Imagine this scenario. Somewhere along the way you've bumped into Elvis Presley and made a good impression on him.....he kind of takes a liking to you and invites you to come to RCA's Hollywood studios and watch him rehearse for his upcoming concerts at the Hilton. "Wow!" You say, "I can't believe this! This is my chance to hear and see Elvis creating his magic in a very intimate setting." Only because someone preserved this moment on tape do we have this chance to glimpse Elvis the perfectionist in a laid back atmosphere laughing, joking, and just being human with his musician friends while honing their skills along the way. Oh yeah, not only did Elvis invite you to a rehearsal, but also he gave you a couple of passes to the 10:00 PM, opening night performance.
The original tape of the rehearsal, recorded on a normal cassette deck connected to the studio's soundboard, produces surprisingly good quality sound but isn't normal studio quality. The concert was recorded from the 'mixing desk'.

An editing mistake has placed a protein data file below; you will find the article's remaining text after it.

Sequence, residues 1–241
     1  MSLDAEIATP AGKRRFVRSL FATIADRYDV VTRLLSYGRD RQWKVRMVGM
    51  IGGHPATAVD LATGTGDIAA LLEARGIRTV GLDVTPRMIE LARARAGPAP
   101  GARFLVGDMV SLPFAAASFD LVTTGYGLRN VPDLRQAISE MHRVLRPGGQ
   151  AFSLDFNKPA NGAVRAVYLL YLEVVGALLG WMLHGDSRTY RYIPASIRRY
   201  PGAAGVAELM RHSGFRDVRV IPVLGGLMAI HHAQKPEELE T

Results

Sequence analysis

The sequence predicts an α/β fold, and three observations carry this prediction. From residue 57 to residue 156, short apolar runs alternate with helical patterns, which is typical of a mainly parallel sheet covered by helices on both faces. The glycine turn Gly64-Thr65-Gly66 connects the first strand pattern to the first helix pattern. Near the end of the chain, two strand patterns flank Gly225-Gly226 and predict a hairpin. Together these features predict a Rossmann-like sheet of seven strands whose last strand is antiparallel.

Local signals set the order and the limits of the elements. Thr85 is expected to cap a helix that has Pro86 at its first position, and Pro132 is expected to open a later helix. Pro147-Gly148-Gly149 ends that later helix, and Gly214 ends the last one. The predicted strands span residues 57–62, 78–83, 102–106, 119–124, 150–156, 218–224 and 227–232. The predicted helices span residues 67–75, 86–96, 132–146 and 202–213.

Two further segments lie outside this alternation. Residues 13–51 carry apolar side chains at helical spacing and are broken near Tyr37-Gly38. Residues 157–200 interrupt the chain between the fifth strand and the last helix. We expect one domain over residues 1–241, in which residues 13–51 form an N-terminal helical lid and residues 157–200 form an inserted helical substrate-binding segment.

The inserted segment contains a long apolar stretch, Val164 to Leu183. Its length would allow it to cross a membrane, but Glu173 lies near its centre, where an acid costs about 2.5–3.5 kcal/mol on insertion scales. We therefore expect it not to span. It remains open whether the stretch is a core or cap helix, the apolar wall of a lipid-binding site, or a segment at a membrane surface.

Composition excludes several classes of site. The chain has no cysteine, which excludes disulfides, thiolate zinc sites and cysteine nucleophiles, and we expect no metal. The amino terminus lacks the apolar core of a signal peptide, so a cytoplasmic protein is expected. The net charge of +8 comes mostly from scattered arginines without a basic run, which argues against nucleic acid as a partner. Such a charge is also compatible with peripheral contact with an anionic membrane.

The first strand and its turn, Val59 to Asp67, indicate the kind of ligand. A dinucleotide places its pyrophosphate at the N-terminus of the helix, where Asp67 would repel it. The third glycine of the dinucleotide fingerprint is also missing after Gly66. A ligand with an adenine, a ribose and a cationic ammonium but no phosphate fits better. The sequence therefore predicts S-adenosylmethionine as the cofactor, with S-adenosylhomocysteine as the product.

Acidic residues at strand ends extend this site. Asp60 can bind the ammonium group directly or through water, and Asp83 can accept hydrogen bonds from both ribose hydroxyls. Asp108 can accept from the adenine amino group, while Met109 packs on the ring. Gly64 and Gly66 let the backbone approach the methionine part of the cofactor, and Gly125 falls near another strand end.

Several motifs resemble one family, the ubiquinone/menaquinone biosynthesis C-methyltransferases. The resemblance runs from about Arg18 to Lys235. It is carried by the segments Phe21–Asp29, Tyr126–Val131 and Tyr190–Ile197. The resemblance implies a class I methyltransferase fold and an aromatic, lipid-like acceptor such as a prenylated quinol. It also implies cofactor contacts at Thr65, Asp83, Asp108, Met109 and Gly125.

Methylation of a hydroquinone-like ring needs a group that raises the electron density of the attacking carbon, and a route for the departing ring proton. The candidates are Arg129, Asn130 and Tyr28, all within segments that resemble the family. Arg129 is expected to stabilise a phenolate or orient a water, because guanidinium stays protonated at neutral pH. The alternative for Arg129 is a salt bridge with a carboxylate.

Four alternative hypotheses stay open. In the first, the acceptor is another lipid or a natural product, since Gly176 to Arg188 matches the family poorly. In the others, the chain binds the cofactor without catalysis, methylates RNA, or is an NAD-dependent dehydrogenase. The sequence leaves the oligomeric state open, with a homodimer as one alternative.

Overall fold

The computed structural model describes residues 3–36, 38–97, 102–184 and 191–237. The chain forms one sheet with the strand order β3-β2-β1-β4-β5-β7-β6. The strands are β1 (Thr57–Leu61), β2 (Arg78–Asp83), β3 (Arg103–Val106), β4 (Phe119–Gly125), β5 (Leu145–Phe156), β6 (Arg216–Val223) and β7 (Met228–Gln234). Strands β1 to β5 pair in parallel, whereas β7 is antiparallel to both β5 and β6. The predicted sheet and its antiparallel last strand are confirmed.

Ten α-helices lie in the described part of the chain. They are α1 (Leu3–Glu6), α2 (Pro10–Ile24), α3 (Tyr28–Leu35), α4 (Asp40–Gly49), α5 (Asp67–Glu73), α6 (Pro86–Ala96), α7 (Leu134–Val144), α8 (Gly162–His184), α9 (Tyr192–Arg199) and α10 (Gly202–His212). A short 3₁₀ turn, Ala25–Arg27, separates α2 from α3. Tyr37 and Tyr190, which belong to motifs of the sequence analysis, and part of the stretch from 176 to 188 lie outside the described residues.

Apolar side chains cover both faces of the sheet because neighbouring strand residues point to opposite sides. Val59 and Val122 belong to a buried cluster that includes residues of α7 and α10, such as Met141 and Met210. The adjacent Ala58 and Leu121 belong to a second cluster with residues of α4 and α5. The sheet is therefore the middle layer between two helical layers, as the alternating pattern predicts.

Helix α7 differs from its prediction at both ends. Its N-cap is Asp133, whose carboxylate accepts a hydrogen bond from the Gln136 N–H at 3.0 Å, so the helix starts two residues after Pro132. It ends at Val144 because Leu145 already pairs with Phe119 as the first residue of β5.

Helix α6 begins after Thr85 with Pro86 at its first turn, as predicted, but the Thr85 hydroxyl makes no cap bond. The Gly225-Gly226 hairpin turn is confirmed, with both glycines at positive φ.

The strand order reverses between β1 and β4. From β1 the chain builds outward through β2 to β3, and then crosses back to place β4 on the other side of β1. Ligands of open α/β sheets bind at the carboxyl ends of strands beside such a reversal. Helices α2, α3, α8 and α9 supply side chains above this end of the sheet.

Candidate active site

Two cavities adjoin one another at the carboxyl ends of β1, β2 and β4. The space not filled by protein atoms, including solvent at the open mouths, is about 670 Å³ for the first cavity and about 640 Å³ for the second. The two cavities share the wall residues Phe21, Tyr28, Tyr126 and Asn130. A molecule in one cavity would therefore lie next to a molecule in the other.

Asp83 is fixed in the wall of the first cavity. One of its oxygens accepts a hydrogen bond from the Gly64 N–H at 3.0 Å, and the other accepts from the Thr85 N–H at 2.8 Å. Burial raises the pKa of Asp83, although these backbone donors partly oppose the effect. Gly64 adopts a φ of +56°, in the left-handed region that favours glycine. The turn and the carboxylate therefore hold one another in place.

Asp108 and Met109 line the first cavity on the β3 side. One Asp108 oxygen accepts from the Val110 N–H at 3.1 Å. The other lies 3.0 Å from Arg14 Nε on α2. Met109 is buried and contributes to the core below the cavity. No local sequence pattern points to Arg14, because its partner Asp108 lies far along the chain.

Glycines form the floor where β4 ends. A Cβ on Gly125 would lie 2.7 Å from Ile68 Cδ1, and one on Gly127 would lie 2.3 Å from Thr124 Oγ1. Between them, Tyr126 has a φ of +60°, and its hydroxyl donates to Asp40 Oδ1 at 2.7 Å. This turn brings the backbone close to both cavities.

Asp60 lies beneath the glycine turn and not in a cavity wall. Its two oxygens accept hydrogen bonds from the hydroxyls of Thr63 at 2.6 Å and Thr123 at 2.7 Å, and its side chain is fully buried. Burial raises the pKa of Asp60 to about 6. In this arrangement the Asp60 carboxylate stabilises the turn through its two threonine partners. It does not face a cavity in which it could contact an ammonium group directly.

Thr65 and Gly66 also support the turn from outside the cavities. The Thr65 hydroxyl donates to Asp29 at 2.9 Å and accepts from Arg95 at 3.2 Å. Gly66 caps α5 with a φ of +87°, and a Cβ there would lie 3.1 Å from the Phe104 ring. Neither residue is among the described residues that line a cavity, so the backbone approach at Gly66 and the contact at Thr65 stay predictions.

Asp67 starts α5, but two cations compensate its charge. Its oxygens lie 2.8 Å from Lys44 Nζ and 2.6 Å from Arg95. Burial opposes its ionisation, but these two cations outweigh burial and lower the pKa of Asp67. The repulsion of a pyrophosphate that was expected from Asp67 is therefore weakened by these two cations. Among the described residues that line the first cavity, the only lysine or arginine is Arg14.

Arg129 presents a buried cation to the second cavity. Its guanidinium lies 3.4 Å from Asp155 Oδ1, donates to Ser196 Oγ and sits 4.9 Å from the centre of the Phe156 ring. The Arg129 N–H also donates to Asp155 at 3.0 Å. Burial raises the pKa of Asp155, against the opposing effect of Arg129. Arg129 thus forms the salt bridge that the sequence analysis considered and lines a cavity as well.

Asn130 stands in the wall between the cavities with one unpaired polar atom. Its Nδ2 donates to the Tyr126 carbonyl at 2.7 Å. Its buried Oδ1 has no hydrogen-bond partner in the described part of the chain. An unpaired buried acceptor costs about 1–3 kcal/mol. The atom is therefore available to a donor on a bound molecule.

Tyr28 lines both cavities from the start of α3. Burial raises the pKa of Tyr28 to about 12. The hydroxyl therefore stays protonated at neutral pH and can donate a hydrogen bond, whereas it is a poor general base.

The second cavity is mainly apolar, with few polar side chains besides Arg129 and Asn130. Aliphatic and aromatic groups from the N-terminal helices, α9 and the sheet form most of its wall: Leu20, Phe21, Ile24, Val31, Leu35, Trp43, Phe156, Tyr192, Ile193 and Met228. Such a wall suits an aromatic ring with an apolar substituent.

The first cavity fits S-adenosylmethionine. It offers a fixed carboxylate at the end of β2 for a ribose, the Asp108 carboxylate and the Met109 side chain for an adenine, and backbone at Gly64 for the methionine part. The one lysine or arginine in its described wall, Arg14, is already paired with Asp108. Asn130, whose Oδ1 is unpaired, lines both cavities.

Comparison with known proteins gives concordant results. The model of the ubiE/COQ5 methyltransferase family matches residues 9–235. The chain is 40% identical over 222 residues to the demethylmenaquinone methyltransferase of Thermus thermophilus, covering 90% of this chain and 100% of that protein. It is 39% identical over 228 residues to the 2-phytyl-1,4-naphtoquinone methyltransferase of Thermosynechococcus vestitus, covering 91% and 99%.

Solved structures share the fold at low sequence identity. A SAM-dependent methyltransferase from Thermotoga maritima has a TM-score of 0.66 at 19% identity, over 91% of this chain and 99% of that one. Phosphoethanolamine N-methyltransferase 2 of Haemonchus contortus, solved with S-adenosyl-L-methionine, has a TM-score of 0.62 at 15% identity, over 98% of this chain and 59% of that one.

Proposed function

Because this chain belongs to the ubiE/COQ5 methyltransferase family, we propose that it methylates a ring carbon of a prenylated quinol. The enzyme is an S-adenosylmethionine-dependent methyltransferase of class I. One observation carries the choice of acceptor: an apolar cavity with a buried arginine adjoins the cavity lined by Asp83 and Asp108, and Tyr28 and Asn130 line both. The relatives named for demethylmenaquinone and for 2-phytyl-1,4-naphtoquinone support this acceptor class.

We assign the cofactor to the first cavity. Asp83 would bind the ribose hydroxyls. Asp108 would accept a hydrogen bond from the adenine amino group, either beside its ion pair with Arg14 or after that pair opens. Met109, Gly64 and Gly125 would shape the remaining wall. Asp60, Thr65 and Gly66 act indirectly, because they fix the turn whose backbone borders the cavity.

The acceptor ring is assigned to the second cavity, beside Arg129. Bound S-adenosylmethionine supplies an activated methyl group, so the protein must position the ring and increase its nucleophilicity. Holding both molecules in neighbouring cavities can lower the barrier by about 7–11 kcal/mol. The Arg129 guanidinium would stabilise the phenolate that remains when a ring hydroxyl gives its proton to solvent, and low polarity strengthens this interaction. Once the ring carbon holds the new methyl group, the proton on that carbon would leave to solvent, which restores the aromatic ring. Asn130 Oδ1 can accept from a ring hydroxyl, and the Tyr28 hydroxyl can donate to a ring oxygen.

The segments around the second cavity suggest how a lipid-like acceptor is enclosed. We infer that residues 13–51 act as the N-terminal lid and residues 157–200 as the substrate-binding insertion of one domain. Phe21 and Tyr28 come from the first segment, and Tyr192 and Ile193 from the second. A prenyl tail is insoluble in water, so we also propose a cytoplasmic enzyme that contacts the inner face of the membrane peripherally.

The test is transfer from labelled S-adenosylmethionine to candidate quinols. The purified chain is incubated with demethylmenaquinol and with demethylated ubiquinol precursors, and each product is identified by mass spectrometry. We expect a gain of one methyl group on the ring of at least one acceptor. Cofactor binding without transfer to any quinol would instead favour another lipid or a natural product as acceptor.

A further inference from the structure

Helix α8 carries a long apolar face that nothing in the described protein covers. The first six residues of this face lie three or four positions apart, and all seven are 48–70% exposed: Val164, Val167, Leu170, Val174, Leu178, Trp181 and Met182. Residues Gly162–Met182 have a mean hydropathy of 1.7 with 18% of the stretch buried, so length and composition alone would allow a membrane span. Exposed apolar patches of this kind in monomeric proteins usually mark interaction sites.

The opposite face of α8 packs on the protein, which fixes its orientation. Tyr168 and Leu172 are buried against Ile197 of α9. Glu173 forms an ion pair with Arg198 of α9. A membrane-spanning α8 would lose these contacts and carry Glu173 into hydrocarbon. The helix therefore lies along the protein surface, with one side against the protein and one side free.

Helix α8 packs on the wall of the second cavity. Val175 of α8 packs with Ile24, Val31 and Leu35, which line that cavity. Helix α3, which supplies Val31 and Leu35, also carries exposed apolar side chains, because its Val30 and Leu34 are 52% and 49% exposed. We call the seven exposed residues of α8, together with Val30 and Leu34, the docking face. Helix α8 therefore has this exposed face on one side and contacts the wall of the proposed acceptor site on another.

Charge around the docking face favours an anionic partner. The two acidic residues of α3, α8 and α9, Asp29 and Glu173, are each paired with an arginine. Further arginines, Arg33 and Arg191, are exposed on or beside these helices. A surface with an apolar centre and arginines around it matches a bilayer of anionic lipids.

It is very evident that Elvis is at the helm during these rehearsals. He instructs the background singers, musicians, and even himself. Disc one begins with two extremely laid back performances of "If You Love Me (Let Me Know)". Elvis admits immediately that he likes this song. The moving mother (according to Elvis), "Promised Land" is next; it is performed twice also. It is during the second run of the song that Elvis really loosens up and gets into it and belts out, "....And the mother$!%*#@'s on the line." After this song Elvis asks, "What can we screw up next?" Charlie Hodge begins singing "Down In The Alley", and Elvis almost immediately goes off into a heavier blues sounding version of the song which starts out really great and ends up being okay. "Alley" is done again and then Elvis starts "It's Midnight", and after only a few seconds, he wants to know where the F-----g lyrics are. He continues with the song only to mess it up by doing the ending too soon. He's in a good mood though, so he stops everyone with some rough language (that I don't appreciate) and then picks it up again as it nothing had happened. What a craftsman! Before running down "Midnight" again Elvis impersonates whom I perceive to be Slim Whitman.